C of E “dying very quickly” on urban estates

“The church on our outer estates is dying and is dying very quickly. The conclusion is an obvious one. We are all leaders of a church that has taken a preferential option for the rich.”

“The battle for the Christian soul of this nation will not be won and lost in Kensington or Cobham or Harrogate. It’s out on the estates where life is hard and where church life is fading fast.”

These comments were made by the Rt Rev Philip North, the Bishop of Burnley, as part of a report on evangelism at the recent General Synod of the Church of England.

He also pointed out that the Church’s claim to have a presence in every community was not true. “The church is not present in every community and the places where we are least present are the poorest — the outer estates of our towns and cities.”

In the last five years church attendance on estates, already half of the national average, has fallen 8.3%, compared to 2.3% nationally. Yet national spending on ministry is £7.90 per head of population, rising to £23.88 in rural areas, but on the estates it is just £5.09.

This decline has been common knowledge amongst Urban Mission practitioners for many years. It is good that the C of E is showing some concern at the top (it has long been there at parish level), and there will be a day conference on March 1st in York to discuss what the Evangelism Task Group has made a “priority”. It’s something, but is it too little, too late?

The bishop’s comments were featured in The Times. The evangelism report can be downloaded here (section on estates: p15).

Good news for the poor?

As a P.S. to the last blog, the above is the title of an article in the EA’s Idea magazine about their survey on poverty (more here). Interesting stuff and stats with encouraging percentages of evangelicals and their churches active with poverty-related projects. However, near the end is this telling quote from one of the survey’s respondents: “Most Christians seem to move into the nicest area they can afford to get away from anti-social behaviour and working class people. Then they come to church and talk about wanting to reach everyone.” What about our urban presence? How much of our ministry is “doing for” (episodic, from a distance, reaching down), and how much is “being with” (incarnational, from beside, reaching across)?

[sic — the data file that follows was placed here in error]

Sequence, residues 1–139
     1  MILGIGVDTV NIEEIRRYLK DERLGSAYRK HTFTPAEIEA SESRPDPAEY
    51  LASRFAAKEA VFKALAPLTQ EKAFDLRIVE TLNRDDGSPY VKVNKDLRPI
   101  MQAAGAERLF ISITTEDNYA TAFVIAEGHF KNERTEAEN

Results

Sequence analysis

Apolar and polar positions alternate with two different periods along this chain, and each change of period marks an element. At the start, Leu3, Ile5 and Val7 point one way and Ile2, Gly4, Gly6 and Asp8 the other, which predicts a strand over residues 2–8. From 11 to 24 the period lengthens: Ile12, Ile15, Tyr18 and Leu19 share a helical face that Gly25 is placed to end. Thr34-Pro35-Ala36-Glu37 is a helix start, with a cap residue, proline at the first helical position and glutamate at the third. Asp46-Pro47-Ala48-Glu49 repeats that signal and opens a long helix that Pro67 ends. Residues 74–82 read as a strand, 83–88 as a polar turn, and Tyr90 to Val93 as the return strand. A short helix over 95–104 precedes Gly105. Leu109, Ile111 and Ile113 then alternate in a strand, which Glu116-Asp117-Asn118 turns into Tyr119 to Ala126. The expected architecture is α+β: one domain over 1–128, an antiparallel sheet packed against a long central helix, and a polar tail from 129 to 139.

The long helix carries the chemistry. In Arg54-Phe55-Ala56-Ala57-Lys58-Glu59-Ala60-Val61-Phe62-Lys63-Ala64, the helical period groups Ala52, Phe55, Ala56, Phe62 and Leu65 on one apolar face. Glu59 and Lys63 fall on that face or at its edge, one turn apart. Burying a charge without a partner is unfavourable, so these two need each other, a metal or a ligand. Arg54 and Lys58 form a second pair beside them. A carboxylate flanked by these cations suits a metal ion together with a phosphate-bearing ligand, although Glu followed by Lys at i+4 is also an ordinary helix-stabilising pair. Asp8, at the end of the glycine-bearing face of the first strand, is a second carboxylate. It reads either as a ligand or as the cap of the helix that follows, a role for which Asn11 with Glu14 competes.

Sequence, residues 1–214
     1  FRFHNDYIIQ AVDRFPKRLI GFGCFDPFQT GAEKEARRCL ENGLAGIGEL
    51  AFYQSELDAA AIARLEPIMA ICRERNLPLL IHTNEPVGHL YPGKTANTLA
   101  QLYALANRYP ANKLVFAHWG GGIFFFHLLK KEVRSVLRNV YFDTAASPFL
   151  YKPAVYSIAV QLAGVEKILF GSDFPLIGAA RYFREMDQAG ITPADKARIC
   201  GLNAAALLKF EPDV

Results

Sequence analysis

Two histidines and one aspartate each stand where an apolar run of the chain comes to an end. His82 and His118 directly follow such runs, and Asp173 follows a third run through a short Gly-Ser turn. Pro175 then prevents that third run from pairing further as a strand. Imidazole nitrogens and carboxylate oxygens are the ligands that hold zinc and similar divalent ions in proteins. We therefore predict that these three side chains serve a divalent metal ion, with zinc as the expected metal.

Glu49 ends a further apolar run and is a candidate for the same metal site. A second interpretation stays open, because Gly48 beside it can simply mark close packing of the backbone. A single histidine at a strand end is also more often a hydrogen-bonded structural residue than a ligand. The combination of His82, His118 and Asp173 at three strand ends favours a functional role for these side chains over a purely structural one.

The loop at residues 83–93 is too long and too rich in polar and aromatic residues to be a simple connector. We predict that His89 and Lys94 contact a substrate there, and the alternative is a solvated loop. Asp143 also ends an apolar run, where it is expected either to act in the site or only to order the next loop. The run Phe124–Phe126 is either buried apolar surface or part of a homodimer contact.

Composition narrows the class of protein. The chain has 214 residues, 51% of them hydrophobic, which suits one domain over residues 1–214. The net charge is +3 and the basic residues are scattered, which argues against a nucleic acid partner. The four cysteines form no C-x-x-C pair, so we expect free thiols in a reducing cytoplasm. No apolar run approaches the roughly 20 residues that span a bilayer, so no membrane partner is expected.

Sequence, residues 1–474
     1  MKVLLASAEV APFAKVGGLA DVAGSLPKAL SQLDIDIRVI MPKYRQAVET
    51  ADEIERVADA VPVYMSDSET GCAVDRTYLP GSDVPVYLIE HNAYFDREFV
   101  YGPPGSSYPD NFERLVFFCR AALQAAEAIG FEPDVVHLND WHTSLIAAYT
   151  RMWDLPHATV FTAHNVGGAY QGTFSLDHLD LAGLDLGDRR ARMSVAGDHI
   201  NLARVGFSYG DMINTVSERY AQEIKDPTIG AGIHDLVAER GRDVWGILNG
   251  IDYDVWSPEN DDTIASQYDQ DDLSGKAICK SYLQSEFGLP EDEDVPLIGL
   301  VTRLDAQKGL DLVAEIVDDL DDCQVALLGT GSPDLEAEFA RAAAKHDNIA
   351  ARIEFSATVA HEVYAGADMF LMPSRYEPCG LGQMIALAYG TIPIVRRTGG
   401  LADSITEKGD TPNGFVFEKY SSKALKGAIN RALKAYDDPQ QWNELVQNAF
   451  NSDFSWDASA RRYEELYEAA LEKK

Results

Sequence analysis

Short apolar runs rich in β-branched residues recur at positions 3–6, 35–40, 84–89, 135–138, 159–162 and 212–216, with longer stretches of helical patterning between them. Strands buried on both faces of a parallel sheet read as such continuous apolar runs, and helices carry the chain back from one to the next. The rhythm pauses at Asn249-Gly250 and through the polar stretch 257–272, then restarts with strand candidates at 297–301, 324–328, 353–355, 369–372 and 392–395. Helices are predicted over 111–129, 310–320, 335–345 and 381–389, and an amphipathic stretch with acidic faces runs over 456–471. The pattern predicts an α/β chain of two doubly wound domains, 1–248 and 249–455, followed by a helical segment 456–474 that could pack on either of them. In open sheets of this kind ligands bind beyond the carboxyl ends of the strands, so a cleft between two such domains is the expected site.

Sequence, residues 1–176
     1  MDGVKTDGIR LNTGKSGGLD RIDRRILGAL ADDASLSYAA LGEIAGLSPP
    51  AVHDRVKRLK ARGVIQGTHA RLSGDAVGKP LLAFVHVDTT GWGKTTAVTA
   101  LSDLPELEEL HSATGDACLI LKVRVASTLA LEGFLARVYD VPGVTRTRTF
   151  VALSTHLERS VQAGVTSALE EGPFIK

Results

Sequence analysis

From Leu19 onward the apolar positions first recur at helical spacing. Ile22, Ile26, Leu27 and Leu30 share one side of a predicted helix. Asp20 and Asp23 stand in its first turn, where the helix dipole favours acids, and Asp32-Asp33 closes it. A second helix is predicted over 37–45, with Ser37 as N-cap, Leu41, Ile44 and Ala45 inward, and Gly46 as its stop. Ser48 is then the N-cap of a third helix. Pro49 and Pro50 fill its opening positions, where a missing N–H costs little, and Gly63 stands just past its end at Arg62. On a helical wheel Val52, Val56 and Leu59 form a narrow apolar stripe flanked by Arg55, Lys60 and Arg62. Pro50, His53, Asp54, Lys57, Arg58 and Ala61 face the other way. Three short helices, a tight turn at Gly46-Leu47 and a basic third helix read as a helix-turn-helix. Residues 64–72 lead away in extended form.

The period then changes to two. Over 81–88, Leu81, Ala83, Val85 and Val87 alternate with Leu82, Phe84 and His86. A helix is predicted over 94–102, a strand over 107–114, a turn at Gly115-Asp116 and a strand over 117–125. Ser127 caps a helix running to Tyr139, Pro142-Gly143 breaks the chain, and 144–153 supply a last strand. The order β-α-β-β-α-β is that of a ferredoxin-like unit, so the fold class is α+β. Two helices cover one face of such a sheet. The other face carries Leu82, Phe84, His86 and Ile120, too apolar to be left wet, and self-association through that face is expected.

Paul Keeble

On A Plate

Have a read of this brilliant cartoon. I can identify with both families. Thanks to our connections, even though we live in the inner-city we were able to see our three children all go to University. We have neighbours who care for their children just as much but struggle to offer them similar opportunities. If, that is, they hadn’t had such aspirations knocked out of them by their difficult lives.

Question 1: Which family is more than likely living and going to school in the inner-city?
Question 2: Which family is statistically more likely to be church-going Christians?
Question 3: Which family would Jesus go to visit first?

Paul Keeble

Everybody Out!

A couple of weeks ago we had a baptism at church. it was of a 5 year old from a local family from the estate, quite a number of whom came along in a mixture of suits and night-out outfits. The adults looked uncomfortable and seemed a bit unsure of what to do (as I would in, say, a betting shop), but relaxed as the service got under way (we do a good welcome and have an informal and light way that helps make people feel at ease). The men appreciated several comments about England’s World Cup performance, and everyone had fun when the big water pistol came out so the blessings of baptism could be shared! After the baptism itself and a few songs, the children were encouraged to go out and join in the Sunday school. Then, as the minister began a short talk, those still in the room, almost as one, got up and walked out. I don’t think any offence was meant (or taken) – it was just a case of “our bit is over, let’s go to the pub for the party.” The children that had gone out to Sunday school were collected and off they all went.

We have been here before, but not this blatantly as we note the degree to which local culture is now alienated from what goes on inside that building where the church meets on a Sunday morning. It may be the last gasps of folk-religion (get the child ‘done’), but I wonder if the requests we still get have more to it than that, as the sense of wonder at the miracle of new life turns into gratitude and a desire to somehow involve God. We want to help people to express that, but we also need to re-think how we handle services that include a local thanksgiving or baptism. Locking the doors is probably not the answer!

Paul Keeble